'Matsumoto. W. M. Seine fishing around payaos inthe Philippines. Honolulu Laboratory, SouthwestFisheries Center, National Marine Fisheries Ser-vice, NOAA, Honolulu, HI 96812. Manuscr. in prep.
tional Marine Fisheries Service (NMFS)Southwest Fisheries Center and thePTDF embarked on a joint project totest anchored fish aggregating devices inHawaiian waters in May J977. The proj-ect was funded largely by PTDF withadditional support from NMFS. Thisreport covers the procedures and resultsof the project.
The primary objectives of the projectwere to: 1) Develop and test anchoredfi~h aggregating devices (hereafter calledbuoys) in open ocean areas and 2) de-termine their effect upon the skipjacktuna pole-and-line fishery in Hawaii.Secondary objectives were to determinethe effects of buoy placement relative todistance from land, depth, and bottomtopography.
Two types of buoys were used in theexperiment. The first type (Fig. I, 2)consisted of a buoy made of two 55-gallon steel oil drums filled with pol~urethane foam and held together in aframe of 3- X 3- inch angle iron. Theframe was extended below to form V'sat the front and rear and wooden slatswere bolted to the V sections to form ahaven for small fish. This also providedadditional stability to the buoy. A pyra-mid made of angle iron and plywood
Walter M. Matsumoto, Thomas K. Kazama, andDonald C. Aasted are with the Honolulu labora-tory, Southwest Fisheries Center. National MarineFisheries Service, OAA, P.O. Box 3830. Hono-lulu. HI 96812.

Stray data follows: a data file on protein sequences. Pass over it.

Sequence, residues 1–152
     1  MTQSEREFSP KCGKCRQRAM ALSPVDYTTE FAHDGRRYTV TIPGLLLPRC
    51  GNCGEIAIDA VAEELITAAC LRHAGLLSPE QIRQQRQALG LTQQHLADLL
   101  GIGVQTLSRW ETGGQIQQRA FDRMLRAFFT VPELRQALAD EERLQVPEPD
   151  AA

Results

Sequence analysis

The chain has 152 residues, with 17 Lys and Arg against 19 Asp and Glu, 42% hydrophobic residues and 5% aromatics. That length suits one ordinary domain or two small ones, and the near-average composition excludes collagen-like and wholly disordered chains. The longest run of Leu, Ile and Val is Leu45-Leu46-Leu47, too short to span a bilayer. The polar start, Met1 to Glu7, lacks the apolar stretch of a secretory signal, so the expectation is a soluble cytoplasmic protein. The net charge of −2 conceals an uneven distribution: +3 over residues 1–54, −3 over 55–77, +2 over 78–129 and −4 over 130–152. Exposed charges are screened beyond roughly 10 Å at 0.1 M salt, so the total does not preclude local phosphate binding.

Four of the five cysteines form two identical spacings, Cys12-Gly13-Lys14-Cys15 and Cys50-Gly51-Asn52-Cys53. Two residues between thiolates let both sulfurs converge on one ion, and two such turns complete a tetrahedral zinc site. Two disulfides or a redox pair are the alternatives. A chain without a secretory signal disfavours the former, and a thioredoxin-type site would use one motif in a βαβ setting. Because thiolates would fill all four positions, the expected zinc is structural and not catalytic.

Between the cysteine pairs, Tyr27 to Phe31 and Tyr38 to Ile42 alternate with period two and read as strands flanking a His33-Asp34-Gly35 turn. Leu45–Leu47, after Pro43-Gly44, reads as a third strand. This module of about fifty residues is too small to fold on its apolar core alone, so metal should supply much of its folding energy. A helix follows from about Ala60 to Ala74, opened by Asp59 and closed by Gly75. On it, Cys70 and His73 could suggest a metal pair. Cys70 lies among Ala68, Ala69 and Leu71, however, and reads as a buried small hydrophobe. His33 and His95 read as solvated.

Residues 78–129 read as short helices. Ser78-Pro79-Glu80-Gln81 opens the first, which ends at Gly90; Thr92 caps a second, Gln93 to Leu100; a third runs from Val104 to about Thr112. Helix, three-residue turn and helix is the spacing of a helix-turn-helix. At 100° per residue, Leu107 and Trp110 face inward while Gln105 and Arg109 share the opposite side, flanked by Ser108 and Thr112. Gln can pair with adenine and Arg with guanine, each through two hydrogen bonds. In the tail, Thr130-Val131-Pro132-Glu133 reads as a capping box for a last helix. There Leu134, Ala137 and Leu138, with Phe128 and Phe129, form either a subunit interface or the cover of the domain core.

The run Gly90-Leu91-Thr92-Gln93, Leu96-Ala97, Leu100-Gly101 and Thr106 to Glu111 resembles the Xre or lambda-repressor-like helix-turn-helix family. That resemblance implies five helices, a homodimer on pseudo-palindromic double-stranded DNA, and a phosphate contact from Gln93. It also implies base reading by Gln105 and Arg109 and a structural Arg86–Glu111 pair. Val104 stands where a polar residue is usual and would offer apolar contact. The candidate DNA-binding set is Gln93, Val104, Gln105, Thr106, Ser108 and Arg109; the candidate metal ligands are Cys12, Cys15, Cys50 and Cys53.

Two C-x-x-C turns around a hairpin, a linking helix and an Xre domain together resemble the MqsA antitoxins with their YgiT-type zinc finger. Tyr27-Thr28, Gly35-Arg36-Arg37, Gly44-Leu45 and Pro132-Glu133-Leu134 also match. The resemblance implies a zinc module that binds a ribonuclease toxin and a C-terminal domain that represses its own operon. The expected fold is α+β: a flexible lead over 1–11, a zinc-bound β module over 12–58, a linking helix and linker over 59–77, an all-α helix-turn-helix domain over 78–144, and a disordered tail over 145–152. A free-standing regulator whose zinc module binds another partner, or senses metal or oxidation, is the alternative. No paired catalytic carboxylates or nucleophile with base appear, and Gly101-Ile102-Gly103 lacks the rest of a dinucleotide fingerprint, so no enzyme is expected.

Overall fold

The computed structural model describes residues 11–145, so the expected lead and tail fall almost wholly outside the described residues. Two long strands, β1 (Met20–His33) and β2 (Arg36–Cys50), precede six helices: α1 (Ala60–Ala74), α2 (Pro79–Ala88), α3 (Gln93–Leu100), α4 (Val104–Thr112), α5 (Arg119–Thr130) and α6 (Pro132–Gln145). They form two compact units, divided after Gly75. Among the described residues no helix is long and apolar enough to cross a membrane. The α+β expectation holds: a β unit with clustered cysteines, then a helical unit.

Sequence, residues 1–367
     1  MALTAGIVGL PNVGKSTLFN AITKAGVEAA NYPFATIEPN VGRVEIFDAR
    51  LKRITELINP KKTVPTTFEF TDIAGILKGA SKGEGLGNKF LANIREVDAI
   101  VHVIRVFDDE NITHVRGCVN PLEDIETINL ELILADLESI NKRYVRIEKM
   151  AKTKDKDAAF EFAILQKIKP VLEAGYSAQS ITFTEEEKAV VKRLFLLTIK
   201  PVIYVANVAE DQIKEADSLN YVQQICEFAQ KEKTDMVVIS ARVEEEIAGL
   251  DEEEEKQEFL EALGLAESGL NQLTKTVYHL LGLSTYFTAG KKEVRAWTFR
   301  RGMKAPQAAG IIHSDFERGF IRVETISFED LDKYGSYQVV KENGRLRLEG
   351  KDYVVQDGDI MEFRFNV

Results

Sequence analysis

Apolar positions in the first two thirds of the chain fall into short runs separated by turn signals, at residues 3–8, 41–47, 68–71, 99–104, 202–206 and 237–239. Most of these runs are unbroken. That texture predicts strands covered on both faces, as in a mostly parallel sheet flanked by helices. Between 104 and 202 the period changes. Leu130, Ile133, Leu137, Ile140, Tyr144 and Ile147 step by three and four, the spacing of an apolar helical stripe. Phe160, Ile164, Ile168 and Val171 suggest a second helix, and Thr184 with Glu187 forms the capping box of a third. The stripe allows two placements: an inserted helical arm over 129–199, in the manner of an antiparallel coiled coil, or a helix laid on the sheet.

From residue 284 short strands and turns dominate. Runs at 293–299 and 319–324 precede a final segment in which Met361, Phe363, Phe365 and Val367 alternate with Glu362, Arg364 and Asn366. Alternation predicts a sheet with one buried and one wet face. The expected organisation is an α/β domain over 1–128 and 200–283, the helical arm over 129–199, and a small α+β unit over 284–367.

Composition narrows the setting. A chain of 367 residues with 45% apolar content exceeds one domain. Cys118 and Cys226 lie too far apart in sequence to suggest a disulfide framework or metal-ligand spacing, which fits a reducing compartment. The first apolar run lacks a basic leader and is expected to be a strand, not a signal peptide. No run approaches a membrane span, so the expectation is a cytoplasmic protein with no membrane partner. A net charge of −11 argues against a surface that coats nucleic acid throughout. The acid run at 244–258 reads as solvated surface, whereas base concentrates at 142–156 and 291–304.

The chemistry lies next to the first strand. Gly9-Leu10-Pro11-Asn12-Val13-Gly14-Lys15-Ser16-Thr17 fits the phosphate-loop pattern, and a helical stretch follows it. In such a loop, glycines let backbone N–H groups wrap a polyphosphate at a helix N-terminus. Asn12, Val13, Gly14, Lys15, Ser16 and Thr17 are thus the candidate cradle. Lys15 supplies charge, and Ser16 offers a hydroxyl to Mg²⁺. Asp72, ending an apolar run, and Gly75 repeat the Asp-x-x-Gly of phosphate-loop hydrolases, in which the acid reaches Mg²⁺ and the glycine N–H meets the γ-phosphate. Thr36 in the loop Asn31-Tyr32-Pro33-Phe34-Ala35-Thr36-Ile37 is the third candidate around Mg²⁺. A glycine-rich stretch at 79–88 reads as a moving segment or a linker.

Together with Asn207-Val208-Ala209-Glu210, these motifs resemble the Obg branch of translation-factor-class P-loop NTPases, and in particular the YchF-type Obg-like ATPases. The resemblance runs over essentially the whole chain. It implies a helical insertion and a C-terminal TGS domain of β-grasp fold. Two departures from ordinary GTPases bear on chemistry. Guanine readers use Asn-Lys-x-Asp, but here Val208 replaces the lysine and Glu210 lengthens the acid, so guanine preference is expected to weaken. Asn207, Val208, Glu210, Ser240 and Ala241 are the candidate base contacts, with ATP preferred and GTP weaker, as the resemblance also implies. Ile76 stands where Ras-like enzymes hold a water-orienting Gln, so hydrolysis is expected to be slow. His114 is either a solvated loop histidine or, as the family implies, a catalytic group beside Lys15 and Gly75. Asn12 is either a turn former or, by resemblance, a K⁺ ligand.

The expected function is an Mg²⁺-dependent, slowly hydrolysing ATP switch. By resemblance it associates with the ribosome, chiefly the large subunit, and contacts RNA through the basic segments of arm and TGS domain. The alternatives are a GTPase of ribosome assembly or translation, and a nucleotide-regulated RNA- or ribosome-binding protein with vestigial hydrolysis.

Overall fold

Figure 2. - Fish aggregating device inplace off Oahu. Hawaii.
2 - 55 GAL. ORUMS
__LIGHT (30 FLASHES/MINUTE)
Figure 1. - Fish aggregating device. huoy type.
polyvinyl chloride (PVC) pipe. The bat-tery pack provided energy for up to 5months.
Initially, a I X 3 X 30- foot raft madeof Jill-inch PVC pipes bolted onto metalframes with floats at both ends wastethered to the buoy. Six to eight coco-nut palm fronds attached to a 50- footcabJe were suspended from the end ofthe raft. The palm fronds were soonfound to be too fragile to withstand theprevailing wave action, and the raft itselfwas prone to excessive damage becauseit collided with the buoy in rough seas.Consequently, both raft and fronds wereremoved from the buoy and a drapemade of polypropylene rope was sus-pended directly from the buoy (Fig. 1).
The second type was a raft (Fig. 5),4X 12 feet, made of 2- X 6-inch woodenplanks on top and bottom and bolted tofour 4- 'y 4- inch crosspieces. The spacebetween the top and bottom layers ofplanks was filled with polyurethanefoam. A superstructure identical withthat used on the buoy was mounted onthe raft and a drape, made of 1- inchmesh nylon netting. was hung from therear third of the raft. These rafts wereused only off Kana, Hawaii.
Anchor and Mooring Method
The anchor consisted of a 1,200-pound block of concrete, reinforcedwith steel bars, and fitted with a 314- inchgalvanized eyebolt at one end.
The anchor line consisted of 50-foot
c---- CHAIN LINK WEIGHT
-5-8' POLYPROPYLENE ROPE
"'--1.200 LBS. CONCRETE BLOCK